This was such an enjoyable episode of Talking Watches. There was a distinct lack of watch porn. No million-dollar Pateks, no tropical gilt dial Submariners, no 1930s Cartier. It wasn’t a masterclass in watch history or collecting, rather it was just a man, a Tudor, and their shared memories. This conversation with Moki embodied the essence of collecting—not just watches!—our individual experiences and stories passed on through a shared passion for an object, stories that would have otherwise been lost to time.
Highlighting an under appreciated resource so pervasive in our lives. From the land under our feet and the concrete that hold up our homes, to the chips that power our devices and the glass that hold our drinks, sand can probably be said to be as essential to modern life as water and electricity. Yet, as with all non-renewables, we run into the problem of scarcity and thus competition to secure existing supplies.
Perhaps a controversial piece but the author makes the case that Western interventionist policies predicated on humanitarian reasons have not only failed to stop conflict but also generally prolonged them. Neither belligerent sides are satisfied with the stop gap proposals that are put in peace treaties or cease-fire agreements. Furthermore, intervening powers are hesitant to use necessary force to enforce these treaties or even preventing the attacks on human rights that prompt intervention in the first place.
As with many moral issues, while good intentioned, do not produce desired outcomes. This is not to say that we give up on maintaining high humanitarian standards but rather we need to be cognizant on the tradeoffs and be mindful of them when we weigh our decisions.
An interesting snippet on the murkiness of supply chains and the potential uses of technologies to increase transparency. Tech and law people have generally been very excited about IoT and blockchain’s ability to solve these issues but as the piece points out it’s not so simple. There are significant hurdles in gaining a critical mass of buy-in before these tools can have noticeable impact.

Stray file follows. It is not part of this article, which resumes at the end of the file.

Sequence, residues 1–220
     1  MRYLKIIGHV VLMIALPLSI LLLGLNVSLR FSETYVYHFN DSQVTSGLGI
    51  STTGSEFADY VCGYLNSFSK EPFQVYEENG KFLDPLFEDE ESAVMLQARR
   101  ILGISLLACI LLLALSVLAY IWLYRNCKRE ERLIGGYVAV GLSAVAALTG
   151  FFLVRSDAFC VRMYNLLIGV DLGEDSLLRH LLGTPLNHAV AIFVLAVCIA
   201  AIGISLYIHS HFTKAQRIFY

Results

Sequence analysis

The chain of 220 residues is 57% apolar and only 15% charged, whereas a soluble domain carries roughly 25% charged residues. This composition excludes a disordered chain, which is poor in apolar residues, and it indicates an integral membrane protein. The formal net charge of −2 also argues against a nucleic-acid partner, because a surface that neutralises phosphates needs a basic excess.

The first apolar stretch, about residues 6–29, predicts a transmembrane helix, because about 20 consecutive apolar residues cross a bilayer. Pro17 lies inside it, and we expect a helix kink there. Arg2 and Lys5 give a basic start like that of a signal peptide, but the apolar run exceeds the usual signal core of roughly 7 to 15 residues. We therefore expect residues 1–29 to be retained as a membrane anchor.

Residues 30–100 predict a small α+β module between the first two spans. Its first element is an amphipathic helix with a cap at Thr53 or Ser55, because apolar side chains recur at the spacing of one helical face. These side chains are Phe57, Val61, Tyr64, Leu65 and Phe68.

I’m inclined to think that unless a body like the UN or WTO adopts a standard for supply chain tracking and transparency—something similar to standardizing shipping containers—that the use of these technologies will be highly localized. Perhaps in highly specialized sectors like tech and high end manufacturing the size of end-point companies like Apple or Daimler have enough sway to incentivize factories and suppliers to comply. However for low-cost industries like textiles or plastics it’s hard to see something similar take root.
The outcome of the US not taking care of its manufacturing base—not to mention the ones that supply its defense efforts! Much as the U.S.’s shipbuilding and maintenance capacity have atrophied in the recent decades, more and more mission critical nodes in the supply chain are buckling. I think we’ll see more and more of this happen as the economy as a whole has shunned manufacturing. This is not necessarily a bad thing as any Econ 101 student would know that countries specialize and manufacturing moves to areas of low capital requirements. However, one of the government’s job is to address areas of market failure and in the sensitive sector of defense it hasn’t been doing so well.